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A client I did a project for accidentally ended up with the source code of said project. Stupid i know. The arrangement was that they would get the product, never the source code. However, obviously, they are now trying to pull a fast one and use the source code to create their own products for other clients.

Now i don't want to make a huge deal out of it, but i am contemplating releasing the code as an open source project for anyone to use so that their 'unique' selling point (my code) is moot.

What do you guys suggest i do / release the code under if they decide to be *ssholes about this?

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migrated from stackoverflow.com Apr 15 '11 at 8:24

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Hmm. What sort of arrangement was there? You may not necessarily retain the rights to release the code as open source. –  Cody Gray Apr 15 '11 at 8:10
    
I have done business with the guy over a course of 5 years. The deal always was he'd get a product, never the source. He brought it up again recently where i stressed that the source is my property. –  Zophiel Apr 15 '11 at 8:17
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If you have a written contract that proofs that you have the intellectual property for the source code, you can sue them. –  a_horse_with_no_name Apr 15 '11 at 8:22
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What does your lawyer say about the contract terms? –  user1249 Apr 15 '11 at 9:39
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If this is in the US, the source copyright only changes hands with explicit transfer or if the project is "work for hire", and "work for hire" can't exist in a consultant-client relationship. (IANAL, TISNLA, and if you rely on what I say without consulting a real lawyer you deserve what you get.) As long as you hold the copyright, and you have no contractual obligations to the contrary, you can re-release it under any license you choose. First, however, get all the paperwork together and organized, and consult a lawyer to make sure of the details. –  David Thornley Apr 15 '11 at 15:17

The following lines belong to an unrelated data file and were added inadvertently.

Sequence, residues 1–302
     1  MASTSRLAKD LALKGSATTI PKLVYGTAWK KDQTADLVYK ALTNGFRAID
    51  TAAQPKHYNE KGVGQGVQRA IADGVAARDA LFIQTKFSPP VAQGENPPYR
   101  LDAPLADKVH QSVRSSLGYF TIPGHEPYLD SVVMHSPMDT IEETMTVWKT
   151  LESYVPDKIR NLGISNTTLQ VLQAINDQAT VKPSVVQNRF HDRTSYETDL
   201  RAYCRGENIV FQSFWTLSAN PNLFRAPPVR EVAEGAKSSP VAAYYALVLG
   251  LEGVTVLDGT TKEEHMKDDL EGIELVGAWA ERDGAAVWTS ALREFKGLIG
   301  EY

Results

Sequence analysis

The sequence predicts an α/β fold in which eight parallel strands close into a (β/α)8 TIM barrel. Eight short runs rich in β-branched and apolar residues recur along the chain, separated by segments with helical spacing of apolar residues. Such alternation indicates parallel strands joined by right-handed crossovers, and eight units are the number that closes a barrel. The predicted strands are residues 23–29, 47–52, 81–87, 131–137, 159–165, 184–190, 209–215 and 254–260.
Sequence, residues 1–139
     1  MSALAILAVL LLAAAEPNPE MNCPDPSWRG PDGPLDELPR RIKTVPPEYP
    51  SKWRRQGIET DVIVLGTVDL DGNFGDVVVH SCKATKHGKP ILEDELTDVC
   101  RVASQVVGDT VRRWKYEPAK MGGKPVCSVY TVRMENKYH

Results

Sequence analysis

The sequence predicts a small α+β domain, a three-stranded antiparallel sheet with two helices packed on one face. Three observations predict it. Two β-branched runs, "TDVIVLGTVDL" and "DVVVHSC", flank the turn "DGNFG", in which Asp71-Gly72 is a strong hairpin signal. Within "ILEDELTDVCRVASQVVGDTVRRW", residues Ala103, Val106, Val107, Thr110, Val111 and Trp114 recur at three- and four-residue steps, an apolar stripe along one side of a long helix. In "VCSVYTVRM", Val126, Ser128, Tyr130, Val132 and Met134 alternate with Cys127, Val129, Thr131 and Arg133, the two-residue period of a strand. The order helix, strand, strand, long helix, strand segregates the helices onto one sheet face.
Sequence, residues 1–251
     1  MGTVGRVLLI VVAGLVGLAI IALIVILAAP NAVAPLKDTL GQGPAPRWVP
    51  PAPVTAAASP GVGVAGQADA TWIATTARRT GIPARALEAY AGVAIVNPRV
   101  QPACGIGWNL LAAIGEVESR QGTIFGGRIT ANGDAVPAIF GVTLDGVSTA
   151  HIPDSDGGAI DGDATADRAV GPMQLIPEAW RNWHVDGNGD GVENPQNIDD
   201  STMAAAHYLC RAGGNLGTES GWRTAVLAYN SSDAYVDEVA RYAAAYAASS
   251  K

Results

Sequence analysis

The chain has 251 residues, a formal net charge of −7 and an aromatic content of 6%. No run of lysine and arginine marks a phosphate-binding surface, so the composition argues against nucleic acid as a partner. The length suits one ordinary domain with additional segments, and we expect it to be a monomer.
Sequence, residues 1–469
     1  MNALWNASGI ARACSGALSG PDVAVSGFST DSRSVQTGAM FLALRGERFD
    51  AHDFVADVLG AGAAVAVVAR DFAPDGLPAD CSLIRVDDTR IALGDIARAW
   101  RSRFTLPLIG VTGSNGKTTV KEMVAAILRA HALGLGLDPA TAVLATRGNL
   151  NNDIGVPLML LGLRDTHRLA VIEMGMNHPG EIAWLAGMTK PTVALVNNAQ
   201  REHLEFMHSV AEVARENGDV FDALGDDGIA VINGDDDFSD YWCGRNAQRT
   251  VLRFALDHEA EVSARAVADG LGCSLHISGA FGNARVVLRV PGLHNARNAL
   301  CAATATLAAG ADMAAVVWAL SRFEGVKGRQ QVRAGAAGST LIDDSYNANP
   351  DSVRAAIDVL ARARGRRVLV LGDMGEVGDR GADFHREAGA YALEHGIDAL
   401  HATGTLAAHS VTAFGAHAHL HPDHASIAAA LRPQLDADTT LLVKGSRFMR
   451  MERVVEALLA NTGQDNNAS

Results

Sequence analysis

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4 Answers

You might want to consult with an attorney in your legal jurisdiction to see who a court might decide really owned rights to the code if it came down to that. Even if you think it's your own code, you don't want to be on the losing side of a lawsuit due to whatever your local law says and whatever evidence is actually available and admissible.

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Definitely. If you release the code, what's to stop the company from turning around and suing you? After they pulled this little stunt, do you trust them? –  Ant Apr 15 '11 at 10:40
    
You really don't want to be on the winning side of a lawsuit, either. That can cost you a large amount of money, time, and stress. You want to avoid doing anything that isn't clearly legal. –  David Thornley Apr 15 '11 at 15:19
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You should think how you can defend yourself if they decide to blame you that that was you who stole the code. Maybe you should publish it ASAP to get a proof that you had that code before they had it...

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Release it under the GPL, then you should be able to get their changes to your code as well as your own :)